We have no understanding of justice. We’re made in the image of God and yet we recoil at the concept of justice.

I’m not talking about revenge, I’m talking about justice. We all understand revenge very well, right? In the last week I sinned in a meeting by stating that I wanted to exact my pound of flesh from someone. I understand the concept of revenge very well. But justice? It’s a different thing.

God says that we are never to pay back evil for evil to anyone, in Romans 12,

Respect what is right in the sight of all men. If possible, so far as it depends on you, be at peace with all men. Never take your own revenge, beloved, but leave room for the wrath of God, for it is written, “VENGEANCE IS MINE, I WILL REPAY,” says the Lord.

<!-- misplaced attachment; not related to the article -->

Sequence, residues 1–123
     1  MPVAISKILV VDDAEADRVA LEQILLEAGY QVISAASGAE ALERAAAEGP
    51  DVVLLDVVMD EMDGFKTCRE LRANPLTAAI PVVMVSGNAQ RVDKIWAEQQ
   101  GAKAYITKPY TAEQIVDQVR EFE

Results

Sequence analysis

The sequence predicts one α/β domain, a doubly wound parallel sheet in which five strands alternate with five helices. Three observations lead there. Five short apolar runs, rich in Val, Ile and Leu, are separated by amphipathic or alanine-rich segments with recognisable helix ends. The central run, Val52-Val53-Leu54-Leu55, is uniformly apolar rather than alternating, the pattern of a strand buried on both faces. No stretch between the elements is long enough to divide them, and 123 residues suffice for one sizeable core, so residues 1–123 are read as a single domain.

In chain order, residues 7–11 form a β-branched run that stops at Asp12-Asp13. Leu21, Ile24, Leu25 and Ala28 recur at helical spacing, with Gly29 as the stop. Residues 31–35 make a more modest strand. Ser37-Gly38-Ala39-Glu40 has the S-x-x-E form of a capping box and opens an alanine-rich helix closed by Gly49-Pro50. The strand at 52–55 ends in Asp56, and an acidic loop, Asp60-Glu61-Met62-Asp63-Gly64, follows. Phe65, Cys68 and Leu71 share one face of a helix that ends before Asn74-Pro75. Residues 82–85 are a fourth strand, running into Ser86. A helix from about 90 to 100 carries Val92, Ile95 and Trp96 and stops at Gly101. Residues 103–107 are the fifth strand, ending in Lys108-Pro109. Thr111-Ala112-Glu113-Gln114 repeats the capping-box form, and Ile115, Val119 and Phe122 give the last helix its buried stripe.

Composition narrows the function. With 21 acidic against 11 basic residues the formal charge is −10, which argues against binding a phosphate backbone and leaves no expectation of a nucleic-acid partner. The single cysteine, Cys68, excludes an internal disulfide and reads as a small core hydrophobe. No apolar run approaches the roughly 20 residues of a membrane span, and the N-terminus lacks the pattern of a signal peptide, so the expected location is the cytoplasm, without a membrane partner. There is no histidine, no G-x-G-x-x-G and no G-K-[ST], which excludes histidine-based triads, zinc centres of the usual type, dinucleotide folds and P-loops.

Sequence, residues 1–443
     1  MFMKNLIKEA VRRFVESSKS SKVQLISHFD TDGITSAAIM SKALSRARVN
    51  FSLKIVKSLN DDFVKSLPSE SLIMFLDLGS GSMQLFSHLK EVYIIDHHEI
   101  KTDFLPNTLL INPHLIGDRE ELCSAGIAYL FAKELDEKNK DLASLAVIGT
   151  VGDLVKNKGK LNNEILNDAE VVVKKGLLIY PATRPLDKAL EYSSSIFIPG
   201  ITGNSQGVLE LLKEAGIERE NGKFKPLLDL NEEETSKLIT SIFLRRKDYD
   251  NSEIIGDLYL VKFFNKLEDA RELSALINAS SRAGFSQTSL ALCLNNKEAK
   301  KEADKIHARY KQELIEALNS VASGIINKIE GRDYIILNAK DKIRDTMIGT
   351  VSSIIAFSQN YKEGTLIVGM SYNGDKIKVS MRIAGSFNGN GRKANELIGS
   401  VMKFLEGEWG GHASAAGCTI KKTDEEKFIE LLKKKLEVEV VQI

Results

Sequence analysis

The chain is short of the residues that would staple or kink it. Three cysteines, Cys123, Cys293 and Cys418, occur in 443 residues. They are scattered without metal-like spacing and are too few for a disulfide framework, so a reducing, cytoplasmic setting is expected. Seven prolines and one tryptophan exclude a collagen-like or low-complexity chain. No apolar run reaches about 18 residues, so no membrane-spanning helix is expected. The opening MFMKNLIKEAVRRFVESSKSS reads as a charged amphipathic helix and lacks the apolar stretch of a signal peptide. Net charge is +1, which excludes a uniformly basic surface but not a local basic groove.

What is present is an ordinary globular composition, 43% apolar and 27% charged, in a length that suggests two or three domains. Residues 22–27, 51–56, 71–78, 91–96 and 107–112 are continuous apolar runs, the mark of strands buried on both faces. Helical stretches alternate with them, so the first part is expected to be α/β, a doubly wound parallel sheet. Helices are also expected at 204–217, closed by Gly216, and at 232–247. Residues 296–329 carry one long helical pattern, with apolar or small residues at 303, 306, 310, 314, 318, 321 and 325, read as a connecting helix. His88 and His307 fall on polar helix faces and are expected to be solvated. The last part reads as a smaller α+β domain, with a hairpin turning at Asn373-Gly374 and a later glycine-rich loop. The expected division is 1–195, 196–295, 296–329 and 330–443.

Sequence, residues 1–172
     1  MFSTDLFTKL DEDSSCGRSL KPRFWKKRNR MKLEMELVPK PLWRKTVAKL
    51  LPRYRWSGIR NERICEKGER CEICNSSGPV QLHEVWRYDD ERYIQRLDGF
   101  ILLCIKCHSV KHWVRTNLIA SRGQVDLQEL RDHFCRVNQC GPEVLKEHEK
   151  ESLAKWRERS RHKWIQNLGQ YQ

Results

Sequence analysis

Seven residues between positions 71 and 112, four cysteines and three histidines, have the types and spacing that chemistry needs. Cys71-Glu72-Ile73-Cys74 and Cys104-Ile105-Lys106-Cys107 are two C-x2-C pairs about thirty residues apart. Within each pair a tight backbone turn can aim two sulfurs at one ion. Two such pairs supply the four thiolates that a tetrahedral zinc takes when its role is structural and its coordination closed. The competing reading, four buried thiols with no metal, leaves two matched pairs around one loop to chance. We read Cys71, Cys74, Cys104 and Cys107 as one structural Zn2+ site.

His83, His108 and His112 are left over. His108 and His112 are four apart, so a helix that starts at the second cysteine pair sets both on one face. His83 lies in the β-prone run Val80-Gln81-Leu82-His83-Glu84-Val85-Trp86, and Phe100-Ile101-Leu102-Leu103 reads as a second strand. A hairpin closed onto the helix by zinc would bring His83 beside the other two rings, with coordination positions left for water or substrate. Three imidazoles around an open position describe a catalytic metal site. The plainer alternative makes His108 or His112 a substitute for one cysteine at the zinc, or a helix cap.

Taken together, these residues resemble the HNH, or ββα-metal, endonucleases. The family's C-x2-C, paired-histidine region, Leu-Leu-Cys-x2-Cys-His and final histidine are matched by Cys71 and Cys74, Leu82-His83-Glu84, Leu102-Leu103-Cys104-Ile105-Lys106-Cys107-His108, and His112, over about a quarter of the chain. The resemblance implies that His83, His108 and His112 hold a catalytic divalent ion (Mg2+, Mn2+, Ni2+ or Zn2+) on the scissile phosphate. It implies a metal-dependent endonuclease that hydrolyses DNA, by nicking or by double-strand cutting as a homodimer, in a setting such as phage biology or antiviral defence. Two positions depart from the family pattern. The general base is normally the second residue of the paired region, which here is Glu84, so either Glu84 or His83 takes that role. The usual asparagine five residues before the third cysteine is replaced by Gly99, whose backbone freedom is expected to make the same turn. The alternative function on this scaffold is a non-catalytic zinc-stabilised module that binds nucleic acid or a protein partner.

Who is this God of justice who reserves for Himself the right of avenging punishment? He is the holy God! All knowing, all present, all-powerful, justice is reserved for Him because He is the incarnation of the code. He doesn’t merely acknowledge the truth, He is the truth. Every infraction is therefore a sin against Him. And that’s why you have David in Psalm 51 confessing his sins to God—you know what David did. He probably should have gone to war, but he stayed home, so his hands were idle. He saw Bathsheba on the roof. He made arrangements for her to come to the palace. He had an adulterous relationship with her. She conceived a son. He was in trouble because her husband—one of his own mighty men—was at war. He calls Uriah back and schemes to make it a cover-up. But Uriah is righteous—he won’t go in to his wife while all the other men are sleeping in tents at the war zone. So he sleeps out on the curb in front of the palace. David realizes that he’s not going to be able to cover up his sin by having Uriah go sleep with his wife, because he won’t do it; David writes a letter, puts it into the hand of Uriah, and Uriah delivers his own death sentence to the general of the army. David tells the general: Put Uriah up in the front where the fighting is fiercest, pull everybody else back, if Uriah dies don’t worry. That’s what he says, paraphrased. Uriah dies. So David commits adultery; David conspires at murder; David doesn’t admit it; God sends His prophet; David is exposed; David repents of his sin and he cries out to God.